Douglas R. PRINCE and Ralph M. Powers, Plaintiffs and Respondents, v. Lester E. HARTING, Defendant and Appellant.
In this action for dissolution of two partnerships, an accounting and damages designated as ‘secret profits,’ plaintiffs had judgment and defendant appeals. He does not claim that the evidence does not support the findings. His complaints are that the findings do not support the judgment in certain respects and that in any event the money judgment entered against him is improper because, as yet, the final balance has not been determined in the partnership accounting.
The Facts Found
An understanding of appellant's points requires that we set out the principal facts found by the court, supplemented, where we deem necessary, by the evidence behind the findings.
The defendant Lester E. Harting (‘Lester’) has a brother Wesley A. Harting (‘Wesley’). Lester lived at Monterey; Wesley lived in Kansas City, Missouri, where he was a business opportunity broker. Sometime before September 21, 1951, the two brothers entered into a conspiracy to create for themselves an ‘opportunity,’ by obtaining money from and making secret profits at the expense of, the plaintiffs, through inducing them to enter a partnership with Lester. The partnership was to be the body from which the conspirators proposed to draw their sustenance. Plaintiffs had little money, but did have a source from which they could borrow, and the brothers knew this. As an inducement to have the plaintiffs enter into the partnership with Lester, Lester made numerous fraudulent representations to the plaintiffs and others. Some (but by no means all) of these representations were: Lester was in contact with a syndicate of wealthy men in Kansas City (the University Testing Laboratories of Missouri, a corporation) which had been for some time organized to promote and assist various types of business enterprises, and it was interested in expanding to the west coast in the soft water business. It had acquired patents and processes for a water softener system that was superior to anything then on the market, had formed the United States Soft Water Company as a division of the corporation, and had between 300 and 400 dealers in the eastern and midwestern United States. It manufactured all of its materials and equipment and sold the same to these franchise dealers. It had an engineer, L. C. Lind, who had engineered and developed other well known water softening systems. The syndicate had offered Lester a franchise for the 11 western states, without cost.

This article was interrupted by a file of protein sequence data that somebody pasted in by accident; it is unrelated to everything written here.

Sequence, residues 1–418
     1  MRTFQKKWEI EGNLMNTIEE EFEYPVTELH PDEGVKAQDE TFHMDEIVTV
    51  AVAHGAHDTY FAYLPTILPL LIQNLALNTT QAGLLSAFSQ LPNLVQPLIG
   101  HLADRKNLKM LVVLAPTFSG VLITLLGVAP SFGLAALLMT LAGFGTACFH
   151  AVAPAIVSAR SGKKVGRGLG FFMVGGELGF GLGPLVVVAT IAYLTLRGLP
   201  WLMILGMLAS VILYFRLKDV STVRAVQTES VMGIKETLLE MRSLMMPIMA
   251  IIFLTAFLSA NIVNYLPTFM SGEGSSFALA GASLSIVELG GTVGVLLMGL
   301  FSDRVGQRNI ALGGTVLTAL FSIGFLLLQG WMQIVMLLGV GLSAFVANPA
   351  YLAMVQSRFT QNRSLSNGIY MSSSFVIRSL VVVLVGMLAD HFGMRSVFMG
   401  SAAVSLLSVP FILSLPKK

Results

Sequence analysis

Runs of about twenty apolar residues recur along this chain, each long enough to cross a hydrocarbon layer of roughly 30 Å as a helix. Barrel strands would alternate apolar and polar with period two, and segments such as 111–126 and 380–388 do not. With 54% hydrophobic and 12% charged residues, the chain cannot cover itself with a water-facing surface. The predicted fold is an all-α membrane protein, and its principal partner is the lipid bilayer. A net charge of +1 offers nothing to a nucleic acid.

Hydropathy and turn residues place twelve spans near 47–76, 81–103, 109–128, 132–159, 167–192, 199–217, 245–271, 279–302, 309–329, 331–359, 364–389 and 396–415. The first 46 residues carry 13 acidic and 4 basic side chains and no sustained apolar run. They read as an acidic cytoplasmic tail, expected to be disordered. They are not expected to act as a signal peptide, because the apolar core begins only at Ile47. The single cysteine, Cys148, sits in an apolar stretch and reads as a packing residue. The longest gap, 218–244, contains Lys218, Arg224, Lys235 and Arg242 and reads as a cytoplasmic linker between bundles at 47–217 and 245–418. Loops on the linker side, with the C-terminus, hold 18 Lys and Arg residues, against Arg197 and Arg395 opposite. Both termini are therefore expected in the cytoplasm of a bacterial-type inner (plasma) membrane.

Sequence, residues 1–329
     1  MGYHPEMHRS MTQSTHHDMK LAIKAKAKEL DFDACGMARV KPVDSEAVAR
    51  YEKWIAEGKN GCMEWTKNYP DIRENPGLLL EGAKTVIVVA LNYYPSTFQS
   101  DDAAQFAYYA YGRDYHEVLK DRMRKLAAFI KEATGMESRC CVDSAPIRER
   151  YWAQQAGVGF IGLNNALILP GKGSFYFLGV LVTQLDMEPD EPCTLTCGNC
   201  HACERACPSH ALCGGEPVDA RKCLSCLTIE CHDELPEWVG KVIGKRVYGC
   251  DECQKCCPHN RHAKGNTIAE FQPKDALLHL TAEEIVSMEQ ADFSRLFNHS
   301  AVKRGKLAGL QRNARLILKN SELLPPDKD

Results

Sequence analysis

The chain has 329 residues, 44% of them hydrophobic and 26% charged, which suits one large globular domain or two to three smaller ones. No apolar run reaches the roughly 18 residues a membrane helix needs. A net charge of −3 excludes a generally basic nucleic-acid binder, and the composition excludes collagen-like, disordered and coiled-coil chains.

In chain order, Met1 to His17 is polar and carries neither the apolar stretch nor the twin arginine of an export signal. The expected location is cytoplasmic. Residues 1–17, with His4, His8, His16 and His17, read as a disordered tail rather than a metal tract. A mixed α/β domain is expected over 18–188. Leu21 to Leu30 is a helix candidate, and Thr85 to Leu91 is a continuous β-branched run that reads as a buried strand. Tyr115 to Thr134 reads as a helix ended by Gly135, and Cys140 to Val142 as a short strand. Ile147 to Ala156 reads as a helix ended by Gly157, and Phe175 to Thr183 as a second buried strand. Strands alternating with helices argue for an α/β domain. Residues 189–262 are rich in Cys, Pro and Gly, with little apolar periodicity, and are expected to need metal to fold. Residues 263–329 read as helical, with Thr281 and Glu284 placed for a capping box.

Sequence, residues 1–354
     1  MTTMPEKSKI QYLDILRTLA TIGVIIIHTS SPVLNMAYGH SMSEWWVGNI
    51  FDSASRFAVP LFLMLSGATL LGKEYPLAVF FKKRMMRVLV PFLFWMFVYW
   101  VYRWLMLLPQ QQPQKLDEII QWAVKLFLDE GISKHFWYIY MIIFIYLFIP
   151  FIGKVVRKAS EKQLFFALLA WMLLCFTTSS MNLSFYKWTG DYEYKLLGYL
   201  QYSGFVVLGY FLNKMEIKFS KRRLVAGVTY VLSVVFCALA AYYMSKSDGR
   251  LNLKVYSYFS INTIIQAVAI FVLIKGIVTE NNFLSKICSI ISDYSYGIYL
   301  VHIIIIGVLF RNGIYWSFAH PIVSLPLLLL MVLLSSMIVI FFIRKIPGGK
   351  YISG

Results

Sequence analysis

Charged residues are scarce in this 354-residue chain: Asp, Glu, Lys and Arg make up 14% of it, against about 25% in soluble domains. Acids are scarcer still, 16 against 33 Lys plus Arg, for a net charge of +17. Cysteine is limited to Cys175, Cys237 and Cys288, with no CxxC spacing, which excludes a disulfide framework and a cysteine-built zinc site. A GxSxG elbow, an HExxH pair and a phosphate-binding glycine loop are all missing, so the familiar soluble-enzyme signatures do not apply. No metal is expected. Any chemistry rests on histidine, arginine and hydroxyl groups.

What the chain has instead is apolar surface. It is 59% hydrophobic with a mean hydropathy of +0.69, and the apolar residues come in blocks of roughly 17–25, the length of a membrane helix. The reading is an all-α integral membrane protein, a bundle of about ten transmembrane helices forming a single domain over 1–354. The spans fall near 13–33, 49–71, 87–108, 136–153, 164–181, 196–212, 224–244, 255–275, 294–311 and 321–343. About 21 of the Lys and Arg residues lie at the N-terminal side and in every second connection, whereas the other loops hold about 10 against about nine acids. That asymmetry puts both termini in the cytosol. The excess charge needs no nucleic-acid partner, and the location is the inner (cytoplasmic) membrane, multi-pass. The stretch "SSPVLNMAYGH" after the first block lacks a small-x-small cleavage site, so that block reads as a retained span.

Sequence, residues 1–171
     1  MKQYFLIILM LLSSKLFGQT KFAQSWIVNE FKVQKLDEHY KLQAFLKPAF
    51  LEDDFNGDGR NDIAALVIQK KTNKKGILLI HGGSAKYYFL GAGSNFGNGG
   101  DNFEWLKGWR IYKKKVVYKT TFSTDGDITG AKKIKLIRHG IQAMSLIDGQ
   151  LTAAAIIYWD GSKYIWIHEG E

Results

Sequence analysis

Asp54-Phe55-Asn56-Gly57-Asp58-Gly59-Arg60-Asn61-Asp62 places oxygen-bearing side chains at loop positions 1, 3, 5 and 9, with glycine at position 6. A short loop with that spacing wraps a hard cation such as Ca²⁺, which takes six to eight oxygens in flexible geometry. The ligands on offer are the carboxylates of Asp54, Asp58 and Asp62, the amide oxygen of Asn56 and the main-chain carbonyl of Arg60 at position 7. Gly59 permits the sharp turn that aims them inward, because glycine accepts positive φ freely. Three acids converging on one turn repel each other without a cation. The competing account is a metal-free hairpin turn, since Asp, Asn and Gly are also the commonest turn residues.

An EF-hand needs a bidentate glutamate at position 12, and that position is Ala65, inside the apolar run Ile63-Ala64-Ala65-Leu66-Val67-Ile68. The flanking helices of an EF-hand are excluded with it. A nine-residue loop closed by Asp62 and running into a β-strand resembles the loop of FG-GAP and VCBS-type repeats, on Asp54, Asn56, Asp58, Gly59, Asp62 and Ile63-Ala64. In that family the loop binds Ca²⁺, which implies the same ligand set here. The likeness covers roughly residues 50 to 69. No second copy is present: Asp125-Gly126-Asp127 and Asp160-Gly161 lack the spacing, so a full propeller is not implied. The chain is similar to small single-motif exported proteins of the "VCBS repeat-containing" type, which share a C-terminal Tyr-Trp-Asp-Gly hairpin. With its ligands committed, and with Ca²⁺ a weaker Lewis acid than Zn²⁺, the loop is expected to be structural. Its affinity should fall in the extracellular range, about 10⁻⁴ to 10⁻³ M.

The representations were false. There was no syndicate. The Missouri corporation was a shell, formed on June 16, 1951, with an initial capital of $500, owned 50% by Wesley, 49% by Wesley's wife, and 1% by a third person. It was Wesley's alter ego, and the United States Soft Water Company was mere shadow of a shell, being a ‘division’ of this corporation. It had substantially no dealers. Lind was an independent manufacturer, and had no connection with the Kansas City operation of Wesley, which owned no patents or processes and did no manufacturing or assembling whatsoever.